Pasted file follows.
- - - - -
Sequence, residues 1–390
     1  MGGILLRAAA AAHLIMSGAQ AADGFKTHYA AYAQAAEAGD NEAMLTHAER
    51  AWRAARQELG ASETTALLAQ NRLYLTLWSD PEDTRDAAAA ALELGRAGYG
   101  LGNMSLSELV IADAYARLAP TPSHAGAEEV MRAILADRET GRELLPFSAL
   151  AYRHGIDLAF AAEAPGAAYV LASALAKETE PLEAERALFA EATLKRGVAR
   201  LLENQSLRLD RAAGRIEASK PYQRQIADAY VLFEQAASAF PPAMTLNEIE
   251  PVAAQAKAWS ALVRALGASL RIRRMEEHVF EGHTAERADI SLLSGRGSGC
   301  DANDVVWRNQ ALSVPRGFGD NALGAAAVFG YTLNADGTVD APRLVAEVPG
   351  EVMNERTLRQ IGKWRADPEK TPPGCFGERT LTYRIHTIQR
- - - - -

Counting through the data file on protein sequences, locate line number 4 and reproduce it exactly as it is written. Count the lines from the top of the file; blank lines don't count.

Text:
   101  LGNMSLSELV IADAYARLAP TPSHAGAEEV MRAILADRET GRELLPFSAL